Stefan Kubicek

Targeting metabolic enzymes in the cell’s nucleus
Research Center for Molecular Medicine of the Austrian Academy of Sciences (Austria)


Stefan Kubicek, PhD., is an Austrian citizen born 1978 in Vienna. He studied synthetic organic chemistry at the Vienna University of Technology and the Swiss Federal Institute of Technology (with François Diederich, ETH Zürich). For his PhD in Molecular Biology he developed the first specific histone methyltransferase inhibitor at the Institute of Molecular Pathology IMP Vienna (advisor Thomas Jenuwein). He then spent 3 years as a postdoctoral fellow at the Broad Institute of Harvard and MIT in Cambridge, MA, USA (Chemical Biology Program, Stuart Schreiber laboratory). He joint CeMM in 2010 where he headed the Platform Austria for Chemical Biology, the Christian Doppler laboratory for Chemical Epigenetics and Antiinfectives, a public-private partnership, Boehringer Ingelheim and Haplogen (2013-2019), and the Molecular Discovery Platform (since 2017). Research in the Kubicek lab is funded by the Austrian Academy of Sciences, the European Research Council ERC, the Juvenile Diabetes Research Foundation JDRF, the Austrian Federal Ministry of Science, Research and Economy and the National Foundation for Research, Technology, and Development, the Vienna Science and Technology Fund WWTF, and the Austrian Science Fund FWF. Stefan Kubicek studies chromatin, epigenetics and small molecules that change cell fates in oncology and diabetes with a particular focus on metabolism in the cell’s nucleus.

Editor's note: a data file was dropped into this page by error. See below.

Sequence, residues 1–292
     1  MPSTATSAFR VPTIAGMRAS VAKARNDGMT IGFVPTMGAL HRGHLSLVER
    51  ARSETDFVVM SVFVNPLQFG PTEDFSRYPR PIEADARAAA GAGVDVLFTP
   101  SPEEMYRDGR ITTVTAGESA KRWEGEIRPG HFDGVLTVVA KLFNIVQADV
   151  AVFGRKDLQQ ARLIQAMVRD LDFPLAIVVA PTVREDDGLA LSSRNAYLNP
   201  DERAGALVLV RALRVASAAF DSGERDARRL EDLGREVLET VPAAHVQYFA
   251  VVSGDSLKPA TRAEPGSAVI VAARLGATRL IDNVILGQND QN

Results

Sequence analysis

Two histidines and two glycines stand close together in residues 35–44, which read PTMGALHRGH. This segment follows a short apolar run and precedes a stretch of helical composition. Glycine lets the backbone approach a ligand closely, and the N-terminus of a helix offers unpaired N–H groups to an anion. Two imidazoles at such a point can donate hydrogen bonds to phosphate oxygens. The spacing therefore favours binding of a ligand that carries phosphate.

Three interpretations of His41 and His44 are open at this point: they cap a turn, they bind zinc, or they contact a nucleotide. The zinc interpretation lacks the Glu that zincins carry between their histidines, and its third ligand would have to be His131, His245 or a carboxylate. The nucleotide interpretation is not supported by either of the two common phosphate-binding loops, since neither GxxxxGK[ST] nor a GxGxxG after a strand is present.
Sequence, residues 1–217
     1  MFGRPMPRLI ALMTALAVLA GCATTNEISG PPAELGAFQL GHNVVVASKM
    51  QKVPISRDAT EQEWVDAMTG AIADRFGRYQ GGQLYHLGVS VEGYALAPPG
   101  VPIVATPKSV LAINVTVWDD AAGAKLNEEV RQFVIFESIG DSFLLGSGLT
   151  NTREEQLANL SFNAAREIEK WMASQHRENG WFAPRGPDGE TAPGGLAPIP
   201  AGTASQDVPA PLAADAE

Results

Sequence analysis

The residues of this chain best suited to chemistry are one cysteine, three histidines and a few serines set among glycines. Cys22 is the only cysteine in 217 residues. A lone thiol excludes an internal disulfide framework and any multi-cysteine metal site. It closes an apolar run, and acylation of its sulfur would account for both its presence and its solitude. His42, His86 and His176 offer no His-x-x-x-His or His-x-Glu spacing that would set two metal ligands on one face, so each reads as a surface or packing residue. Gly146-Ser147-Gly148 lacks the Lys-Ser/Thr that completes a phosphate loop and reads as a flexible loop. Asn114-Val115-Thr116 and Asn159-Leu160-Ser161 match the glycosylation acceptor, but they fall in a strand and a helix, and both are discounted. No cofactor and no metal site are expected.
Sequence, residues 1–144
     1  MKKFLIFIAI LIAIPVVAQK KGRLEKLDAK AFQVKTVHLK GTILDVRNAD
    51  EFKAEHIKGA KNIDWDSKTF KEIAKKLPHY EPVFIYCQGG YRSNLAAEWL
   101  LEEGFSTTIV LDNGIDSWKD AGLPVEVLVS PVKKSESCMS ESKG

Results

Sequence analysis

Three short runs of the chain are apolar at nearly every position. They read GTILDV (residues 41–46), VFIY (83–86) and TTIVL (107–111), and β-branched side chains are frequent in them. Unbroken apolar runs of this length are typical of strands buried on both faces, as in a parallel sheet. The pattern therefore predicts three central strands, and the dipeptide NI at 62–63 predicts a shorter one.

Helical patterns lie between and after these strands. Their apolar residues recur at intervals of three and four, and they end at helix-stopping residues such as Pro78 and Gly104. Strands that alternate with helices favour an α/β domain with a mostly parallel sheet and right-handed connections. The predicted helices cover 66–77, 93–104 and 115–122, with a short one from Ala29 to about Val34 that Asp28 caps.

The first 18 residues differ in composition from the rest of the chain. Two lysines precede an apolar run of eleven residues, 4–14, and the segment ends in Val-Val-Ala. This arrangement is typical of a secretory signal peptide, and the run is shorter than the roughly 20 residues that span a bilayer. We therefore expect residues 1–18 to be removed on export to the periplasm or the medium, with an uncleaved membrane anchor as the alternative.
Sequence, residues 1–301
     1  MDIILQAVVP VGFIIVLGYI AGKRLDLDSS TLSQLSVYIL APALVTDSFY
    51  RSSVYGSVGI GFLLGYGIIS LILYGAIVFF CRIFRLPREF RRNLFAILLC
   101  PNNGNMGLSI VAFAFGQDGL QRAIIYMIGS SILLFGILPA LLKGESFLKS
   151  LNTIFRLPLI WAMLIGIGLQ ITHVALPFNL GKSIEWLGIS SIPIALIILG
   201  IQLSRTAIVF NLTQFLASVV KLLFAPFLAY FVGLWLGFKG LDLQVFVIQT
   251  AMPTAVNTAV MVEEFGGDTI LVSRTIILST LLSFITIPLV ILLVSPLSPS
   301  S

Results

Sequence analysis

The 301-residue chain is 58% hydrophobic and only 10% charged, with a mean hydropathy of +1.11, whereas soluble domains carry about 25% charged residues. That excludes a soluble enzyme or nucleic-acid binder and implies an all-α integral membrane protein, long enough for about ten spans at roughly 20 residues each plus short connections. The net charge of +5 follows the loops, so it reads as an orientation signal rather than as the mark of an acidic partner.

About his talk: Targeting metabolic enzymes in the cell’s nucleus

Metabolic activities in the nucleus comprise classical chromatin modifiers and additional enzymes of more central metabolic pathways. We use a combination of proteomics, metabolomics and fluorescent reporter approaches to comprehensively understand these metabolic activities. We further apply these fluorescent reporters in chemical and genetic screens for factors altering chromatin accessibility, protein localization and protein abundance. These approaches aim at identifying therapeutic targets and small molecule modulators of cell fate decisions in diabetes and cancer.